First let me say I am aware of the other threads on this result. The reason for me making this thread is to find out whether or not my proof/proof attempt is correct.

The problem stated in full detail is given below.

Let $X,Y$ be sets and $f:X \rightarrow Y$, let $C,D \subseteq X$ and let $A,B \subseteq Y$. Prove that $f^{-1}(A) \cap f^{-1}(B)= f^{-1}(A \cap B)$.

Here is my attempt:

$f^{-1}(A) \cap f^{-1}(B)= { \{x\in X \mid f(x) \in A\}}\cap { \{x\in X \mid f(x) \in B\}}= \{x\in X \mid f(x) \in A\wedge f(x) \in B\}= \{x\in X \mid f(x) \in A\cap B \}=f^{-1}(A \cap B)$

If anyone would be kind enough to explain to me where I've gone wrong or made an unjustified assumption I would be very grateful!

P.S. Sorry about the bad formating

  • $\begingroup$ you have only proved $f^{-1}(A) \cap f^{-1}(B)\subseteq f^{-1}(A \cap B)$. You will need to prove that $f^{-1}(A \cap B)\subseteq f^{-1}(A) \cap f^{-1}(B)$ $\endgroup$ – Neo Oct 16 '18 at 11:32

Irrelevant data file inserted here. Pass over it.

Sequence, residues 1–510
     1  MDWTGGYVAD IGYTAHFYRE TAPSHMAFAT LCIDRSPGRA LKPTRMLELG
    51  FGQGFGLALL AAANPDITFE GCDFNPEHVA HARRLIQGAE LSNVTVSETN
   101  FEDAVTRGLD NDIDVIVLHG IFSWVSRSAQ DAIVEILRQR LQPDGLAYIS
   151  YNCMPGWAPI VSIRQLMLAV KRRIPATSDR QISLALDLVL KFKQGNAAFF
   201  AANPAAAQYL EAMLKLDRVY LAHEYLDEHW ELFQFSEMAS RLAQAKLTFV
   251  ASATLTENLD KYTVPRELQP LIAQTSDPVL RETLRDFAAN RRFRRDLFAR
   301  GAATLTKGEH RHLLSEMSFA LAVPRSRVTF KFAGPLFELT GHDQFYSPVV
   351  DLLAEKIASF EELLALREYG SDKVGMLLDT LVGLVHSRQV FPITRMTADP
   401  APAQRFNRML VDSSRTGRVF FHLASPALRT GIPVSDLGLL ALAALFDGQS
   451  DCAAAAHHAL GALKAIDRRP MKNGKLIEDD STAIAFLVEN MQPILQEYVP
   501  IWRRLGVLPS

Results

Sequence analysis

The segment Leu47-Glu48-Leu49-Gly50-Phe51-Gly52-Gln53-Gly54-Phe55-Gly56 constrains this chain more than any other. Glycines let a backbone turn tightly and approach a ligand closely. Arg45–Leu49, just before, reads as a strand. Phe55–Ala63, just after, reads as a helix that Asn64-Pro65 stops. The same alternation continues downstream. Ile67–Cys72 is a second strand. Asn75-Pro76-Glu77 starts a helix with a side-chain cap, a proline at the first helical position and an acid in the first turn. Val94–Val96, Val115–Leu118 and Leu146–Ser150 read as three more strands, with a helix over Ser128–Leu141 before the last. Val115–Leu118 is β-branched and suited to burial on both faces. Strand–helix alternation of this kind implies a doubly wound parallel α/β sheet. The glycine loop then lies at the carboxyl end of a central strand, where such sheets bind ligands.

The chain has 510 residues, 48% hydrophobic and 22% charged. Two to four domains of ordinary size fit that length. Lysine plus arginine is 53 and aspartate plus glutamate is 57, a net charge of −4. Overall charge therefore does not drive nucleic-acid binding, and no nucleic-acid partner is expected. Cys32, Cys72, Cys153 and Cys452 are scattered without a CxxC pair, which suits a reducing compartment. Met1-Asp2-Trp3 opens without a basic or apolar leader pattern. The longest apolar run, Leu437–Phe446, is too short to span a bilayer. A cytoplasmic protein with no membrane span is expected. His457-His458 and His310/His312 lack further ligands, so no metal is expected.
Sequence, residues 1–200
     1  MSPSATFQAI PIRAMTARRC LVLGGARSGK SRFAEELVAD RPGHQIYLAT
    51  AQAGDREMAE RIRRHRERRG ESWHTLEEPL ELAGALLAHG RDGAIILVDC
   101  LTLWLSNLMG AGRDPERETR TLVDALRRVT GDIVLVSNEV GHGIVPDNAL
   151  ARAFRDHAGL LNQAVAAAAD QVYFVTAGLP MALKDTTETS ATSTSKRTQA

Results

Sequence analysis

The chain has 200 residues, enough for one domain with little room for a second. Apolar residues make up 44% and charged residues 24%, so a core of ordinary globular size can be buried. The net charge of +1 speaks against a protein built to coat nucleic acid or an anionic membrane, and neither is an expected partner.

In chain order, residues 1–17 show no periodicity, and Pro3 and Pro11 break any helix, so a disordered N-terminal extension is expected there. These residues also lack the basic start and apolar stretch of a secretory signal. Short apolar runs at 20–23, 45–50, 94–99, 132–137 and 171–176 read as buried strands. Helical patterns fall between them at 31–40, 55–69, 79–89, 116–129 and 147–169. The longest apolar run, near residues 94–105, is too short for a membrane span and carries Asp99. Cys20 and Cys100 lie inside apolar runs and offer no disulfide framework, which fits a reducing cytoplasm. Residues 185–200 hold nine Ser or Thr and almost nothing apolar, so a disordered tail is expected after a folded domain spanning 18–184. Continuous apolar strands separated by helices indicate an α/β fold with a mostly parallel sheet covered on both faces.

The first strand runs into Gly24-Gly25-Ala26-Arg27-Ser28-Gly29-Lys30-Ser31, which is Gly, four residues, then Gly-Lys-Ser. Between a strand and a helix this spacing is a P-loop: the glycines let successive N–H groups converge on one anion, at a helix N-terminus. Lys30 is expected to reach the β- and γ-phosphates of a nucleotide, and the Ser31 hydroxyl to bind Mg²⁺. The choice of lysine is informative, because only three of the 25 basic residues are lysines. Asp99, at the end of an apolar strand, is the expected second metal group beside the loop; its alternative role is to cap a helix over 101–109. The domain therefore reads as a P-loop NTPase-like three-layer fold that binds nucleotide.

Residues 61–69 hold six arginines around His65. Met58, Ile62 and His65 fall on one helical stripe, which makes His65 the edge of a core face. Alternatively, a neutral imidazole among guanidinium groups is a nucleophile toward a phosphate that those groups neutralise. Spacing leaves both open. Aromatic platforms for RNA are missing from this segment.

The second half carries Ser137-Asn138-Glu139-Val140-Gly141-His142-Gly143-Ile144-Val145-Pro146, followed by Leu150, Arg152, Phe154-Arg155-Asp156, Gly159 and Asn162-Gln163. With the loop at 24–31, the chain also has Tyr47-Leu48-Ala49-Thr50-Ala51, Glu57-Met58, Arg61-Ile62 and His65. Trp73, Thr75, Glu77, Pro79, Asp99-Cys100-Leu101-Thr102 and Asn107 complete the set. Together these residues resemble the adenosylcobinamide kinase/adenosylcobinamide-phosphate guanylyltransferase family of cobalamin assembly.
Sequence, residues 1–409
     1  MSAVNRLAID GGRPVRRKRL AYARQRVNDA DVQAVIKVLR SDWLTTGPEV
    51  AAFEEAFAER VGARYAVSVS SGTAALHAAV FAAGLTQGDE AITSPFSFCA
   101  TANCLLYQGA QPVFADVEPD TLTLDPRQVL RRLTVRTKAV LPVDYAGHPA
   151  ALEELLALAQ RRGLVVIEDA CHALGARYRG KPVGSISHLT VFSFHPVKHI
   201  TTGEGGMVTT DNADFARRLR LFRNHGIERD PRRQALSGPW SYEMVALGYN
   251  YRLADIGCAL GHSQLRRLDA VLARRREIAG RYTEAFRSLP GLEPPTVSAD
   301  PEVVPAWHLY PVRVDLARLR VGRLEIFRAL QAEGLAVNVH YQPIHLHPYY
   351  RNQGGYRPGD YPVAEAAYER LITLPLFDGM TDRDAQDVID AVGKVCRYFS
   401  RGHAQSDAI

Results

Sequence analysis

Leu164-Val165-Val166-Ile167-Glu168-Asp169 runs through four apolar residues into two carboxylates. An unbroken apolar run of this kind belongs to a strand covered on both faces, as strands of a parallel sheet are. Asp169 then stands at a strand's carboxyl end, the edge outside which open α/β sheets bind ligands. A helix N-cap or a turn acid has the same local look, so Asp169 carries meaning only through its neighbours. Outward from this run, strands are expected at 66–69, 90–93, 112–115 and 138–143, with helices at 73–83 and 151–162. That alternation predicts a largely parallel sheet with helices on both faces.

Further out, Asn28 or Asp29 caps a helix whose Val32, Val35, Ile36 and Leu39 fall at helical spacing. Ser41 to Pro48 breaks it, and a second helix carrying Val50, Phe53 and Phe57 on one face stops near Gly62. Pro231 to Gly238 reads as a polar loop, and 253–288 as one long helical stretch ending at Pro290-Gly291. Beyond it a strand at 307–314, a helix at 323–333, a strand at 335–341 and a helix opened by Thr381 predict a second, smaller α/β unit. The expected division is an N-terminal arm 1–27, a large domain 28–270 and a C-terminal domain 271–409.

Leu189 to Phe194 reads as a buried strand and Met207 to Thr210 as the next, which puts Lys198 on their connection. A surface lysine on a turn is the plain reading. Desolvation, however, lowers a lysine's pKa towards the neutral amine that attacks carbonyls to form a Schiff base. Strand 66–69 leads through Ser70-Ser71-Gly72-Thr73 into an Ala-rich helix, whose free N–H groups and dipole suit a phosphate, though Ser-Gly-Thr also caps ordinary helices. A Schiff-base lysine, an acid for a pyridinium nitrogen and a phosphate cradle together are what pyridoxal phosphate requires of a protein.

• $\begingroup$ @Neo Really? As far as I can tell I have only used equality ad not implication rules... $\endgroup$ – krtgdl Oct 16 '18 at 11:33
  • $\begingroup$ @Neo Nope. Every equality OP wrote is true, they proved equality, not just inclusion. $\endgroup$ – 5xum Oct 16 '18 at 11:35
  • $\begingroup$ Learnt something new, I was marked wrong in an assignment for doing that once :/ $\endgroup$ – Neo Oct 16 '18 at 11:37
  • $\begingroup$ @Neo If you did it the wrong way, it might have been marked correctly. It's possible to use the correct tool incorrectly. Or maybe you were cheated. I'd have to see the concrete example. $\endgroup$ – 5xum Oct 16 '18 at 11:56

Your proof seems perfectly OK to me.

If you aren't sure because the set notation is confusing you, maybe rewriting it without so many sets would also work:

$$\begin{align}x\in f^{-1}(A)\cap f^{-1}(B)\iff &(x\in f^{-1}(A)\land x\in f^{-1}(B)\\\iff& f(x)\in A\land f(x)\in B\\\iff& f(x)\in A\cap B\\\iff& x\in f^{-1}(A\cap B)\end{align}$$


Your proof is fine ! Everything is correct.


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